Global Warming Up Close: It's Time To Drink The Toilet Water

Global Warming Up Close: It's Time To Drink The Toilet Water

Brantley Hargrove at the Texas Monthly with the story of one city that will soon be drinking its own toilet wastewater. Don't laugh, this may be in your future, too:

None of these measures have turned out to be enough. When the lakes dip below 25 percent—and they will soon—the city will move from Stage 4 Drought Disaster water restrictions to Stage 5, the precise details of which were a matter of conjecture until April, when the city government decided upon them. Among other things, the city’s outdoor swimming pools won’t be filled from the municipal supply and the car washes around town will be forbidden to use city water two days a week—or seven days a week if levels dip below 20 percent.

It’s a set of restrictions that, like this drought, are without precedent in Wichita Falls. The residents have been asked to change the way they live—to leave behind the days of plenty and adapt to a new reality. A city may survive for a time without electricity or natural gas, but water is the lifeblood of civilization. We need it to drink, cook, and flush away excrement, the public health hazard that bedeviled our ancestors for millennia and continues to kill millions every year in the undeveloped world. The extremity of need in this part of Texas is so profound that Wichita Falls plans to turn this ancient relationship with human waste on its head—by drinking treated toilet water.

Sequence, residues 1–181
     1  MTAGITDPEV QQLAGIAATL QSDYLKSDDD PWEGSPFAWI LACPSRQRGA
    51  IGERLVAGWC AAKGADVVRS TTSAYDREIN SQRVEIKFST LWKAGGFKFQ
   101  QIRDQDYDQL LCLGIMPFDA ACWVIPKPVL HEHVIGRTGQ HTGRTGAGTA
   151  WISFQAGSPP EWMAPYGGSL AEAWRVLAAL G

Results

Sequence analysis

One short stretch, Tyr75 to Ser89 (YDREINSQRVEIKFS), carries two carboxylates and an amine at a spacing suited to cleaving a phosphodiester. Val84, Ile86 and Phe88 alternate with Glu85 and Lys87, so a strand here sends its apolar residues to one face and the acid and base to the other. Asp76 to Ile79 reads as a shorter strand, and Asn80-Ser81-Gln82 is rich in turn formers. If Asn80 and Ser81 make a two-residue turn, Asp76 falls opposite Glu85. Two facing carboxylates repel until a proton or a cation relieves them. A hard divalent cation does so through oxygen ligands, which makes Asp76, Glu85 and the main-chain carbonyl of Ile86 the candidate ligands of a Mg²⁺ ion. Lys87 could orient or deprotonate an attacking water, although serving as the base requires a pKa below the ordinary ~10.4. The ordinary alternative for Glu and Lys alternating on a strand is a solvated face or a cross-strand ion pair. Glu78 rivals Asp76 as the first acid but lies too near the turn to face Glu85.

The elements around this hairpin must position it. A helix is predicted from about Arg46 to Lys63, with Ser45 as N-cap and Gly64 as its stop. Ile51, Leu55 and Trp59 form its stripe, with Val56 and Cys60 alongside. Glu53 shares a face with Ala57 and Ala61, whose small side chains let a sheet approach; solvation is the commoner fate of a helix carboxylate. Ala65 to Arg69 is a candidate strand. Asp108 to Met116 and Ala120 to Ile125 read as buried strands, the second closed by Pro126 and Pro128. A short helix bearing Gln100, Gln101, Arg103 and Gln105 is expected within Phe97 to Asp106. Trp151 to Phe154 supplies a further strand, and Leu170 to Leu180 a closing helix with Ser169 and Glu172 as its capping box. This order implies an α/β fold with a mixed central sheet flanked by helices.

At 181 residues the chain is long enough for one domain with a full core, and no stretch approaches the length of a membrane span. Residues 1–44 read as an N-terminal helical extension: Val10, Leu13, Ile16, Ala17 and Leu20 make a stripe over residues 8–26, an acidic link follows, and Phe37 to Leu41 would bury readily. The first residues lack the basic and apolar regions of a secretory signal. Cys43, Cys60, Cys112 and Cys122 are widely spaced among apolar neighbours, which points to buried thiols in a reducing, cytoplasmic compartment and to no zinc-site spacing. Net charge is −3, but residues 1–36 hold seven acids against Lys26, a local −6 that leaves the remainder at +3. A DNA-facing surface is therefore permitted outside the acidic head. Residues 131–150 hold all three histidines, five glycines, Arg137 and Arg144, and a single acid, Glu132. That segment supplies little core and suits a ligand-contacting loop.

On an early April morning, Schreiber strides across the grounds of the River Road Wastewater Treatment Plant in size fourteen ostrich-skin boots, explaining how he plans to keep the city from becoming a ghost town. This is his corner of Texas—he grew up in the German farm country just to the south, in Windthorst—and he feels the weight of his responsibility acutely. Schreiber walks to a basin that is churning with chlorinated water from Wichita Falls’s toilets, showers, dishwashers, and sinks. “We don’t have an aquifer we can tap and get fifteen million gallons a day out of,” he says. The city draws its water exclusively from the nearby lakes. “Every lake within a one-hundred-and-fifty-mile radius is in the same shape ours are.”


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[...]If there’s any squeamishness about drinking treated toilet water, the city isn’t hearing about it. “My first response was ‘Oh no, I won’t be drinking it. We’ll use bottled water,’ ” says Mike Mason, who services water pumps around Wichita County. “But assuming it passes all the state tests, we’re at a point now where we have no other options.”

“They understand they’re running out of water,” says Daniel Nix, Schreiber’s utilities operations manager. “We don’t have anybody standing up in council meetings and saying, ‘No way.’ What we are hearing is ‘Why isn’t this done already?’ ”

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